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Public debate on Threats to International Peace and Security Caused by Terrorist Acts

(New York, April 15 2002)

Statement by Ambassador Alfonso Valdivieso, Permanent Representative of Colombia



My delegation associates itself with the statement to be made on behalf of the Rio Group by the Ambassador of Costa Rica.

I wish to begin by thanking Ambassador Greenstock for his briefing in his capacity as Chairman of the Counter-Terrorism Committee (CTC) and for his tireless efforts to maintain standing relations with Member States and various bodies and forums on our behalf. This is an invaluable task to which he has been very dedicated.

Relations with regional organizations are a matter of priority for the CTC. The exchange of experiences that the Committee initiated with the Organization of American States, among others, has allowed it to familiarize itself with some of the activities being undertaken at the hemispheric level and with the instruments that have been adopted effectively to counter terrorism. It is therefore necessary for the Committee to strengthen its relations with such bodies, as indicated in the briefing.

In the next phase, the Committee will have to embrace a broader vision that encompasses existing regional accords on counter-terrorism measures with a view to ensuring regional security. Currently, national reports are evaluated without being explicitly placed in a regional context.

We believe that the CTC's competence allows and requires it to utilize the instruments at its disposal, such as the group of experts, the technical assistance directory and the so-called trust fund, inter alia, so as to maintain a fluid dialogue with regional organizations. At the same time, it must establish which of the counter-terrorism tools available to it are being truly effective at the regional level and, thus, having a national effect.

My delegation feels that this does not imply that the CTC may interfere in the functions of regional agencies, thereby weakening their autonomy and independence. On the contrary, it strengthens links with such organizations by sharing information, establishing effective cooperative mechanisms and activities for technical and financial assistance to counter terrorism, adopting effective legal and governmental measures and strengthening border controls, in compliance with the international commitments of States to ratifying international conventions adopted by the United Nations to eradicate terrorism.

In order to facilitate the technical and financial assistance required by Member States, it is undoubtedly important that the team of experts and the technical assistance directory be established, all of which is currently being undertaken by the Committee. In this connection, we must stress the quality and competence of the group of experts, to which a great deal of the success of the most recent phase was due. We also urge that obstacles be overcome to the speedy appointment of the expert in charge of promoting relations with organizations and States and of offering the technical and financial assistance necessary to combat terrorism. I also wish to stress the importance of an effective and operative trust fund provided with the financial wherewithal to offer the technical assistance that States require in order to implement resolution 1373 (2001).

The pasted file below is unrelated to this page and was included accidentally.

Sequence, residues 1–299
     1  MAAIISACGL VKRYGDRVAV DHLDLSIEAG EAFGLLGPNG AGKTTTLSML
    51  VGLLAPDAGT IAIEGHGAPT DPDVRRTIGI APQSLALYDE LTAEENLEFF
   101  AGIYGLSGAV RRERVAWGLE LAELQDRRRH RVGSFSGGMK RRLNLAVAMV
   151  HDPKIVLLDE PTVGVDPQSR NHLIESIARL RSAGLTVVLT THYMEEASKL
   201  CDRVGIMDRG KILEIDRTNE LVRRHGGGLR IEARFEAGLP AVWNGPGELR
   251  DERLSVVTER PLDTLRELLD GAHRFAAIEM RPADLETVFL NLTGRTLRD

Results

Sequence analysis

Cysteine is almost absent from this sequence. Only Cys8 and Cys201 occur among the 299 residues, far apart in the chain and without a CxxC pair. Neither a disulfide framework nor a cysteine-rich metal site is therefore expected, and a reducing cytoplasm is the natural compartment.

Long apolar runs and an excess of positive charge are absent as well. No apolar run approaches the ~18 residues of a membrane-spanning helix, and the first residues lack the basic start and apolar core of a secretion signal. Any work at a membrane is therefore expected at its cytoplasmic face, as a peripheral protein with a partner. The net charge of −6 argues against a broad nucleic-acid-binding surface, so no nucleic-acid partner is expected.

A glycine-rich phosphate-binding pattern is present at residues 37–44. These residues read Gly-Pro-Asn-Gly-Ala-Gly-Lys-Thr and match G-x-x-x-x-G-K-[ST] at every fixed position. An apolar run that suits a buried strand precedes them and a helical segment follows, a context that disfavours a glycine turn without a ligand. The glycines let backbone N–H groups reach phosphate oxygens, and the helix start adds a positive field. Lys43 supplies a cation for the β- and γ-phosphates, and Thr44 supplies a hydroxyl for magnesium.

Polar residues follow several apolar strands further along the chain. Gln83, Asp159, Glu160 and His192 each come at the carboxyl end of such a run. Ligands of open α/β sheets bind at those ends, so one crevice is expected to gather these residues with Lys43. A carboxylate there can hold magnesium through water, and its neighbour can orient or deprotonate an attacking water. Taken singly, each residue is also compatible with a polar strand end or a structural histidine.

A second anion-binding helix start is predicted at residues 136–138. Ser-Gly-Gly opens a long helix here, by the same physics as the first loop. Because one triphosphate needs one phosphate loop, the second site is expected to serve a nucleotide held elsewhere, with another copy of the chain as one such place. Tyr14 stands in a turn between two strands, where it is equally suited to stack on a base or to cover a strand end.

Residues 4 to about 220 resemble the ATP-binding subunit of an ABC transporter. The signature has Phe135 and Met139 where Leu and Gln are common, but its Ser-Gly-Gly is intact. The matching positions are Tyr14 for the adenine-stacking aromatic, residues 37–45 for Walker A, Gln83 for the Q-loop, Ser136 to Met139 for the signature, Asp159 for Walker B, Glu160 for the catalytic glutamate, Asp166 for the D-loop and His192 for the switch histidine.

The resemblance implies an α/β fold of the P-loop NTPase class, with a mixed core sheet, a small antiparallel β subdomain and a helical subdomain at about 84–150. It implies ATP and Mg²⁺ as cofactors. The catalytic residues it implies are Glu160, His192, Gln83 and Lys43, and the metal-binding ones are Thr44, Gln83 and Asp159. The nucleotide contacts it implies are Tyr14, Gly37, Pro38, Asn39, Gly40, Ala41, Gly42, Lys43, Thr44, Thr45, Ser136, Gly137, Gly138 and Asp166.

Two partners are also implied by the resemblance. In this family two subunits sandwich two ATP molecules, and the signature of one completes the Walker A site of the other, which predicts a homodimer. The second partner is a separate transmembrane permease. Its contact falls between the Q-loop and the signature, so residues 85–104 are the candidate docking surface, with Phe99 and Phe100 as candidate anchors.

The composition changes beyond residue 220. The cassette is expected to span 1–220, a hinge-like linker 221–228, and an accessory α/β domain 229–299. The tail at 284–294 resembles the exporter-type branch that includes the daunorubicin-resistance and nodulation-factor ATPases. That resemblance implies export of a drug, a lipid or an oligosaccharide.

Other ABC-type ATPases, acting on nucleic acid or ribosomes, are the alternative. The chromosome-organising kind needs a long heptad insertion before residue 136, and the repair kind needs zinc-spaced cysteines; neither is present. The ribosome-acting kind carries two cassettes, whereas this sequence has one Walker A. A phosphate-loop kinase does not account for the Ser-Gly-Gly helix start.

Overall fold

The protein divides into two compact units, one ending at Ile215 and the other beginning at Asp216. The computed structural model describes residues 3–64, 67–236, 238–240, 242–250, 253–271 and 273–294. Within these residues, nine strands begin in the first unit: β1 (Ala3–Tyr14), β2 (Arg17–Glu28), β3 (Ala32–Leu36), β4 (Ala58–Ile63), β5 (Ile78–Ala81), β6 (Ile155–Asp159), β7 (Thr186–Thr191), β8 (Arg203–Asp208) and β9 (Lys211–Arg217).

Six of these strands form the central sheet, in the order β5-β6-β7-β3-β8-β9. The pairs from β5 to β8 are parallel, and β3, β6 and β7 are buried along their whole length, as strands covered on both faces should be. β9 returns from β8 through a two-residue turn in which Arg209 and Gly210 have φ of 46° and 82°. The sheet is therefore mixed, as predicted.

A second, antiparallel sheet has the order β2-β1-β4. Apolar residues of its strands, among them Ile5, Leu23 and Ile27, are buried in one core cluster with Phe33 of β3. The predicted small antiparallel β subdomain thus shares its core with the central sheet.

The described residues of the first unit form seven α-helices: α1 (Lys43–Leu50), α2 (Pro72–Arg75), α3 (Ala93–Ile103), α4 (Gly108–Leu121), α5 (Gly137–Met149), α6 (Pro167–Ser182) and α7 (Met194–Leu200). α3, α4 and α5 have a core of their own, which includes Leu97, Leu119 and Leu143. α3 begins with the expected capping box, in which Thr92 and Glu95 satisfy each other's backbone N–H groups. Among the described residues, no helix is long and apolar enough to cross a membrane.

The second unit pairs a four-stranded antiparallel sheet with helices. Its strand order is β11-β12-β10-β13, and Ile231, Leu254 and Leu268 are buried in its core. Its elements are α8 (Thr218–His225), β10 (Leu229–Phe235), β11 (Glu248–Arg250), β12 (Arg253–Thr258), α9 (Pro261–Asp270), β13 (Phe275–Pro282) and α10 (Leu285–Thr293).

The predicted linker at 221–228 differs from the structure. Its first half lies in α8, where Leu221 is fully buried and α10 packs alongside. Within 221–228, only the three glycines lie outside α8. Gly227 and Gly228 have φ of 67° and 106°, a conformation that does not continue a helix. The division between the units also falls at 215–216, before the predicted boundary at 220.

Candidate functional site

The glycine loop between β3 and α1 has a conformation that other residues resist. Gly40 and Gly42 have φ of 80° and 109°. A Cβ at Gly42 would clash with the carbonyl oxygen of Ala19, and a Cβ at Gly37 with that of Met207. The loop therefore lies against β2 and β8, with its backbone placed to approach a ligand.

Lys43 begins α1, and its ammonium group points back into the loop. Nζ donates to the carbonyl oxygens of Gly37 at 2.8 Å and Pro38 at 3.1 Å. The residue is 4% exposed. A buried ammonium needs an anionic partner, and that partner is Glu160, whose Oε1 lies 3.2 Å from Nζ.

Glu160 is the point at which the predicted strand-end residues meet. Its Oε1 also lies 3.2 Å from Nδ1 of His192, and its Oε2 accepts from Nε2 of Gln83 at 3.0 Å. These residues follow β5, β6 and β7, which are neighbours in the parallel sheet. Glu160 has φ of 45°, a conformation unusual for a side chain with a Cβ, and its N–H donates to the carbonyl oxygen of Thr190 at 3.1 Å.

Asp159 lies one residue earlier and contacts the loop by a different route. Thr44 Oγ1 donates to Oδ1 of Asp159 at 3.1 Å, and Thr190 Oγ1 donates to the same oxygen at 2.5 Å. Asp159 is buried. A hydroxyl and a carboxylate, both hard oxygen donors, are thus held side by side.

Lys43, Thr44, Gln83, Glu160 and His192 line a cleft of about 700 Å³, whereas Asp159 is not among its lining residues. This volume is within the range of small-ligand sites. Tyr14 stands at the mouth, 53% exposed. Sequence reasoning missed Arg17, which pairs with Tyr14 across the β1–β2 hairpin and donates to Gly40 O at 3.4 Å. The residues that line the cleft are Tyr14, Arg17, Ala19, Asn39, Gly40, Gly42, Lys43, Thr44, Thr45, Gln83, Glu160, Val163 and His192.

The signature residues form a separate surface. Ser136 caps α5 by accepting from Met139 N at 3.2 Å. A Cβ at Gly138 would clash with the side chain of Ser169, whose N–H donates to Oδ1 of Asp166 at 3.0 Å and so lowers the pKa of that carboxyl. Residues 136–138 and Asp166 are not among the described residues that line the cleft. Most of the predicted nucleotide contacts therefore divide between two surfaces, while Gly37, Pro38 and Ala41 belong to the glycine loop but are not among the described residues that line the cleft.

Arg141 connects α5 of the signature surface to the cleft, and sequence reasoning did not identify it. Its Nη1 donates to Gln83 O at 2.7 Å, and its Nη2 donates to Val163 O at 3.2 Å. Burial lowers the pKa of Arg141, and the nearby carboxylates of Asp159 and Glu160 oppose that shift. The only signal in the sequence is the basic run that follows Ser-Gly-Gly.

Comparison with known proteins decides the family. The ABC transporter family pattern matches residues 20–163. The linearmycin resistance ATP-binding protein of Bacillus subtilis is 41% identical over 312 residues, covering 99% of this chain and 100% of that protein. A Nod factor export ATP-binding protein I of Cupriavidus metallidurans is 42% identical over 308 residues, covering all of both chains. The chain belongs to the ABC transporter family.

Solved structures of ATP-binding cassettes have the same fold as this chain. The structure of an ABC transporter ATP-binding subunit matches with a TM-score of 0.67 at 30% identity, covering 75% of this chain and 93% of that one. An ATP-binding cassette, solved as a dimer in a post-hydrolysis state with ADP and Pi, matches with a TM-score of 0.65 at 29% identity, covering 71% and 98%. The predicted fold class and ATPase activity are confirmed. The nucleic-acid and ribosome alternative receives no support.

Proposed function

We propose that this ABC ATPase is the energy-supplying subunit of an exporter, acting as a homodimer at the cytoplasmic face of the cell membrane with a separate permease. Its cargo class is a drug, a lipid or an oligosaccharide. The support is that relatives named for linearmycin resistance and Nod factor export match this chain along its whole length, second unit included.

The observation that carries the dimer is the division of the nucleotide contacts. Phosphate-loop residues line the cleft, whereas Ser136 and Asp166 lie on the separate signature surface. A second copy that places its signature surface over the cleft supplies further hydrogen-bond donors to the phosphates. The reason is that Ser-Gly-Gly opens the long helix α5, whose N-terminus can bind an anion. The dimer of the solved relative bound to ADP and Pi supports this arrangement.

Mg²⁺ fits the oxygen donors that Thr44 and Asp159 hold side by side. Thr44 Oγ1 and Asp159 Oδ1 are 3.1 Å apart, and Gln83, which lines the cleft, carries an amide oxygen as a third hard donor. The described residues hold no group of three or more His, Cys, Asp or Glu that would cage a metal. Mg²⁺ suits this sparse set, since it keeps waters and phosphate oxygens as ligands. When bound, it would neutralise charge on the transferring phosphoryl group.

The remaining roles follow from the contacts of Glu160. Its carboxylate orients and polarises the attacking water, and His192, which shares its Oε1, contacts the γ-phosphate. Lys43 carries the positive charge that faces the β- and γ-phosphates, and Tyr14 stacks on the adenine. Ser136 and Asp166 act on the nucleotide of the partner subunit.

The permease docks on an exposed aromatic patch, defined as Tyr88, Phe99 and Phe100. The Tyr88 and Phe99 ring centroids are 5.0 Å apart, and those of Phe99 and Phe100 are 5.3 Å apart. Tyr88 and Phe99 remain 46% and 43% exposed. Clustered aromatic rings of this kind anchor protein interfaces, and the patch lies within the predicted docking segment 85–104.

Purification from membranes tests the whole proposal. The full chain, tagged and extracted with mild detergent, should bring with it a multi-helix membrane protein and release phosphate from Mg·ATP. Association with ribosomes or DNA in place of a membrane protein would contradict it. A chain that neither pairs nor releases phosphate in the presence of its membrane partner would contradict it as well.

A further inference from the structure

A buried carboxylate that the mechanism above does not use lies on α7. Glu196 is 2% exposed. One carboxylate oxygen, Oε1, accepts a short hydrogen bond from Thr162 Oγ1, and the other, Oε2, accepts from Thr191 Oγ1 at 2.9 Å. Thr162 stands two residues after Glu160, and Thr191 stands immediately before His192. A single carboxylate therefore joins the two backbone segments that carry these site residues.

The results obtained by the Committee over the first six months of its operations are essentially intangible or not readily apparent with respect to the original objective of raising the standards of States in their struggle against terrorism. However, an analysis of the reports submitted by States and of the reaction of regional organizations and States to the requirements set out in resolution 1373 (2001) undoubtedly reveals that the objective set out therein is beginning to be attained.

That is important because, in many cases, we must build where there was previously nothing. What is essential, however, is that, given the provisions of resolution 1373 (2001) and the establishment of the CTC itself, each State be able to show some concrete and effective results in its struggle against terrorism and that the CTC demonstrate that it is acting in a global crusade to counter the gravest threat facing humankind early in the new century. As Ambassador Mahbubani pointed out, this is all very significant.

I conclude by appealing that we remain alert to terrorism, which gives no quarter, is relentless and is already awaiting the opportunity, the right time and the right place to demonstrate its power to destroy and to sow fear and confusion among the people.


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